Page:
Also, 85% of teenagers in high school who reported drinking and driving in the past 30 days also reported that they binge drink; this is defined as having five or more alcoholic beverages in two hours. And, one in five teen drivers involved in fatal accidents had at least some alcohol in their system in 2010. More than 80% of these drivers had a BAC that was higher than the legal limit for adults.

Drunk Driving Statistics

Alcohol is a major factor in traffic accidents. Based on data from the U.S. Department of Transportation, National Highway Traffic Safety Administration (NHTSA), there was an alcohol-impaired traffic fatality every 48 minutes in 2017.

Alcohol-impaired crashes are those that involve at least one driver or a motorcycle operator with a blood alcohol concentration (BAC) of 0.08 grams per deciliter or above, the legal definition of impaired driving. According to NHTSA 10,874 people died in alcohol-impaired crashes in 2017. Alcohol-impaired crash fatalities accounted for 29 percent of all crash fatalities.

The Federal Bureau of Investigation estimates 1,017,808 drivers were arrested for driving under the influence of alcohol or narcotics in 2016. The arrest rate works out to one arrest for about every 215 licensed drivers in the United States.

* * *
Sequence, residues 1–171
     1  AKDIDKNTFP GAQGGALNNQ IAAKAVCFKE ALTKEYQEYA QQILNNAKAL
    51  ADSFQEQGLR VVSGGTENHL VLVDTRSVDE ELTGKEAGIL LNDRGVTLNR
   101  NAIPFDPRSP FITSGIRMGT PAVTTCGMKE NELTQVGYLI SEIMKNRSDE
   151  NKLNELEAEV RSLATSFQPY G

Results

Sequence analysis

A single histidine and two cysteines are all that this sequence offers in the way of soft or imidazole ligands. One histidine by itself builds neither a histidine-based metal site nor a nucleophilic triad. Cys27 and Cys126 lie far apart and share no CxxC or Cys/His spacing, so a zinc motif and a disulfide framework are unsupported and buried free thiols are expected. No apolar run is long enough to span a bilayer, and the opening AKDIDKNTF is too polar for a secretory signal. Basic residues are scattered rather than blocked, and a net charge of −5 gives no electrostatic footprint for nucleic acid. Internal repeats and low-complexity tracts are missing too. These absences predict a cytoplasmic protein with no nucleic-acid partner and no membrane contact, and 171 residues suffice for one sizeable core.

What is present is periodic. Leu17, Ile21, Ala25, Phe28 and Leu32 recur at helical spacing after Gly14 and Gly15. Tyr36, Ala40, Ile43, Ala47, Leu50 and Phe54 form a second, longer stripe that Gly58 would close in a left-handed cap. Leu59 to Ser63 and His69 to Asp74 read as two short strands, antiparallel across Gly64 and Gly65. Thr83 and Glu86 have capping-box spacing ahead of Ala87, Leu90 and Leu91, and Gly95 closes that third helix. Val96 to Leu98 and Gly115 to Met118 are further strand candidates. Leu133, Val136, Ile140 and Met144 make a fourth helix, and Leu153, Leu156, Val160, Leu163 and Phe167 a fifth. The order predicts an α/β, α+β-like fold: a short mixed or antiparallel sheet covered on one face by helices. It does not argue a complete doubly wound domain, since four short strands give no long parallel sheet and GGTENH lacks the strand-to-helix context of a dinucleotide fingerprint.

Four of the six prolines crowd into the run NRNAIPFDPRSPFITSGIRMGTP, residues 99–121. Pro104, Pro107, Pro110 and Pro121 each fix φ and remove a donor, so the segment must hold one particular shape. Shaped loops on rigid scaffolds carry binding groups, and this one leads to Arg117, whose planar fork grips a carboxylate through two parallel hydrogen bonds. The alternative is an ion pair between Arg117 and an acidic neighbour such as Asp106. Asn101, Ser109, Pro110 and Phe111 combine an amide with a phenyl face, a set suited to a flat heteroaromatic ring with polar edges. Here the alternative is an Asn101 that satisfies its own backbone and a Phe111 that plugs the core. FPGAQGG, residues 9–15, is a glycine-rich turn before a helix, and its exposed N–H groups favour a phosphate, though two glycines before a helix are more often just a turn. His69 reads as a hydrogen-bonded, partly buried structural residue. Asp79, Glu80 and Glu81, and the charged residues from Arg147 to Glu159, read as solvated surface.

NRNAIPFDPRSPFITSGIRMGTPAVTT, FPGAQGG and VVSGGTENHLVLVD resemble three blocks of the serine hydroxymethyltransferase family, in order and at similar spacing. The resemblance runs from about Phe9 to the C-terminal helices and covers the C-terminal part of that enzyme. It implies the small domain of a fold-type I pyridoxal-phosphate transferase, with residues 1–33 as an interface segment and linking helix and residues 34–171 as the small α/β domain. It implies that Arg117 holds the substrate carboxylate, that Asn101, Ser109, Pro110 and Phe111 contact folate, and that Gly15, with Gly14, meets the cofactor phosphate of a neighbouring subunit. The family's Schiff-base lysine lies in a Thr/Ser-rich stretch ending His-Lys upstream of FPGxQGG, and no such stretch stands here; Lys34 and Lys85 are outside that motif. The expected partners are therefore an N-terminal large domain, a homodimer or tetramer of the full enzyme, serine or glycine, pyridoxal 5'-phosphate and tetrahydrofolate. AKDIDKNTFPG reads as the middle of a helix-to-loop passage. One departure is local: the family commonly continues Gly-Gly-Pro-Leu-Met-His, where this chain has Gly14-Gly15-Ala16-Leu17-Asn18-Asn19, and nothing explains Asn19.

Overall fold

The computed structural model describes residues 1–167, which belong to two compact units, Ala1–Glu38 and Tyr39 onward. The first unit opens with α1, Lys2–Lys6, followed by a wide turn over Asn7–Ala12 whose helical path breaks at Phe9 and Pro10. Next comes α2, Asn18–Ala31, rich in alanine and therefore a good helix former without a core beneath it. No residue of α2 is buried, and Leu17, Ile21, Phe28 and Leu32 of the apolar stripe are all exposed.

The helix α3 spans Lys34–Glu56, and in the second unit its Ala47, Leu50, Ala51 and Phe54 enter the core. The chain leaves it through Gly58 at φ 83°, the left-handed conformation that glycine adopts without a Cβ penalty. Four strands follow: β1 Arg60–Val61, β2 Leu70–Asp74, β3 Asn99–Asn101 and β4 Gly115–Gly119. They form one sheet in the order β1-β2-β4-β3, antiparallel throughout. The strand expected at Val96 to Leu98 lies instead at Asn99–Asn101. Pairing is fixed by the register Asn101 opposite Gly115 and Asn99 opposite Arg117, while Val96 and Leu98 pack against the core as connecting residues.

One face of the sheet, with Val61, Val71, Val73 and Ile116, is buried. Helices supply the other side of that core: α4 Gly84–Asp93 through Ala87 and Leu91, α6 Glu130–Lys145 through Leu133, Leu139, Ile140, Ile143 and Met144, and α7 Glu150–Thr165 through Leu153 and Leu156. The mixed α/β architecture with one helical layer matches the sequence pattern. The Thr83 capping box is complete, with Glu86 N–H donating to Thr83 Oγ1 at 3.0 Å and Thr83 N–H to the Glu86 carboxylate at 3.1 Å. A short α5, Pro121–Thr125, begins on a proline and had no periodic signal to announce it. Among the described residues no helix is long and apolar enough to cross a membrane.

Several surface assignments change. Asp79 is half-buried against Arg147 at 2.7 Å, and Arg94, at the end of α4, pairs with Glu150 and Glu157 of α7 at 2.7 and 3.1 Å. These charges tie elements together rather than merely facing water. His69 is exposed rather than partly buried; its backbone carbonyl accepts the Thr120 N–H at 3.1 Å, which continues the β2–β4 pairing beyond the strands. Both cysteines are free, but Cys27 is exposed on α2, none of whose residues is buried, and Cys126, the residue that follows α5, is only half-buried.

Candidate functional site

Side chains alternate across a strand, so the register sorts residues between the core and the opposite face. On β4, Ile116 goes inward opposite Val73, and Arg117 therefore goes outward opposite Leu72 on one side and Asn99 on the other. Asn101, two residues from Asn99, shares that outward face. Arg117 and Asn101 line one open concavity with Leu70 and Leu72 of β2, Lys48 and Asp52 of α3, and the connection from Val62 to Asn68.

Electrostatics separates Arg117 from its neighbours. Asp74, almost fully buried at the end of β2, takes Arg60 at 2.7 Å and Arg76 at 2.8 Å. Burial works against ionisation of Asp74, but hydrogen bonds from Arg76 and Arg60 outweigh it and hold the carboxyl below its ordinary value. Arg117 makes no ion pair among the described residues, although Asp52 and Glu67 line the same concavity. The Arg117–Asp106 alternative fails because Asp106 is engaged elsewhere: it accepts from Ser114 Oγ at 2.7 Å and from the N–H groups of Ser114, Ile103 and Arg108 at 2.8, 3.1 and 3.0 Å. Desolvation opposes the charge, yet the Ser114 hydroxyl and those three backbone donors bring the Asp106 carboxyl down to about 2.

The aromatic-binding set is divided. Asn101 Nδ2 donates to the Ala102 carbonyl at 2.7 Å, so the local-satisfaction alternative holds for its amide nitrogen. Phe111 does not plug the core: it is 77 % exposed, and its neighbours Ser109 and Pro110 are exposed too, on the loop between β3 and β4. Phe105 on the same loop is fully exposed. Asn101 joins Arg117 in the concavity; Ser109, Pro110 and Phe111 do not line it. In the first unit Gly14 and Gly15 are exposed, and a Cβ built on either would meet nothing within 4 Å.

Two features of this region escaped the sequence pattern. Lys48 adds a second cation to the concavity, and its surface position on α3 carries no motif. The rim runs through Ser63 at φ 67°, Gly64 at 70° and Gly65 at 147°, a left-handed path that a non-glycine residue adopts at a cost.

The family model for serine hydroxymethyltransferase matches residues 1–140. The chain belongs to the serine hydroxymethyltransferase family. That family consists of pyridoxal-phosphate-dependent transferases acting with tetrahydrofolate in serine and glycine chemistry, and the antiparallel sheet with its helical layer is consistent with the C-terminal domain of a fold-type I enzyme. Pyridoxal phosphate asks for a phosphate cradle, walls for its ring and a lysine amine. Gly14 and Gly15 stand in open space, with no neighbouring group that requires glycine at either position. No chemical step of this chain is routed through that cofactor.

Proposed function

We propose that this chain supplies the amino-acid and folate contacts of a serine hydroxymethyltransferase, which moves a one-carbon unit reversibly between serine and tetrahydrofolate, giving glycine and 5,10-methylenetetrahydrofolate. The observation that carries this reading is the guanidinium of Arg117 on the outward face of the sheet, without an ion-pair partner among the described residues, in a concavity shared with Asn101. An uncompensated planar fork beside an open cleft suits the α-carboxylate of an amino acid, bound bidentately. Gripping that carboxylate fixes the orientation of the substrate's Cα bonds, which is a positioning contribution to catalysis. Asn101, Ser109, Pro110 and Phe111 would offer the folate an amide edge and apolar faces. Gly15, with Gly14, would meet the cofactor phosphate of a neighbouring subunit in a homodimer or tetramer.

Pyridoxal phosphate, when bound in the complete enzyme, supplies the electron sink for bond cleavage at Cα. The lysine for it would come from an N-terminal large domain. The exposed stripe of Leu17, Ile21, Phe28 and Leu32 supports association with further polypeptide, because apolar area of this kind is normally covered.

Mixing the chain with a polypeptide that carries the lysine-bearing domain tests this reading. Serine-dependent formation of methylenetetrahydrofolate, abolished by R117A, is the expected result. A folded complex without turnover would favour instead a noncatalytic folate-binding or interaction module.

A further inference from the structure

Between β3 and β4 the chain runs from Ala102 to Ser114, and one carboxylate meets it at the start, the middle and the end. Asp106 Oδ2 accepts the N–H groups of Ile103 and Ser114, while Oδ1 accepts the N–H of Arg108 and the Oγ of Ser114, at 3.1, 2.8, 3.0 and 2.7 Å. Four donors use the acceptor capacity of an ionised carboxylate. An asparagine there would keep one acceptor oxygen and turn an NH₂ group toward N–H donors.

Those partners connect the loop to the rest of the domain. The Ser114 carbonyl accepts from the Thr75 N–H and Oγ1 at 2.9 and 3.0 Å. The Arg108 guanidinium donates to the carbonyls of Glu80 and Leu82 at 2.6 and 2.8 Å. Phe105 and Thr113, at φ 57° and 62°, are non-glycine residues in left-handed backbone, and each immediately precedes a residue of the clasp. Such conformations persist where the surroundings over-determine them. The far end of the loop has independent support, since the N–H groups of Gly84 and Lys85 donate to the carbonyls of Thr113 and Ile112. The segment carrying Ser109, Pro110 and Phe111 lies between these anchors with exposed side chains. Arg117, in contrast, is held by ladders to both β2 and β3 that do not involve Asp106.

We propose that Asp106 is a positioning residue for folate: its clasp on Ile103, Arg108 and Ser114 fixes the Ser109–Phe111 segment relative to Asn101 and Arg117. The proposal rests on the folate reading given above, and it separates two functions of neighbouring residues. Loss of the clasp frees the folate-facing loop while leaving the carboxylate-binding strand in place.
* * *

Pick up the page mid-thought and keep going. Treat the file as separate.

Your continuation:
The definition of alcohol-impaired driving was consistent throughout the United States until December 2018. All states and the District of Columbia except Utah define impairment as driving with a BAC (blood alcohol concentration) at or above 0.08 grams per deciliter. In Utah, the BAC limit was lowered to 0.05 in December 2018. In addition, they all have zero tolerance laws prohibiting drivers under the age of 21 from drinking and driving. Generally the BAC in these cases is 0.02 grams per deciliter.

Campaigns against alcohol-impaired driving especially target drivers under the age of 21, repeat offenders and 21-to 34-year-olds, the age group that is responsible for more alcohol-related fatal crashes than any other. Young drivers are those least responsive to arguments against impaired driving, according to NHTSA.

To make sellers and servers of liquor more careful about to whom and how they serve drinks, 42 states and the District of Columbia have enacted laws or have case law holding commercial liquor servers legally liable for the damage, injuries and deaths an alcohol-impaired driver causes. Thirty-nine states have enacted laws or have case law that permit social hosts who serve liquor to people who subsequently are involved in crashes to be held liable for any injury or death.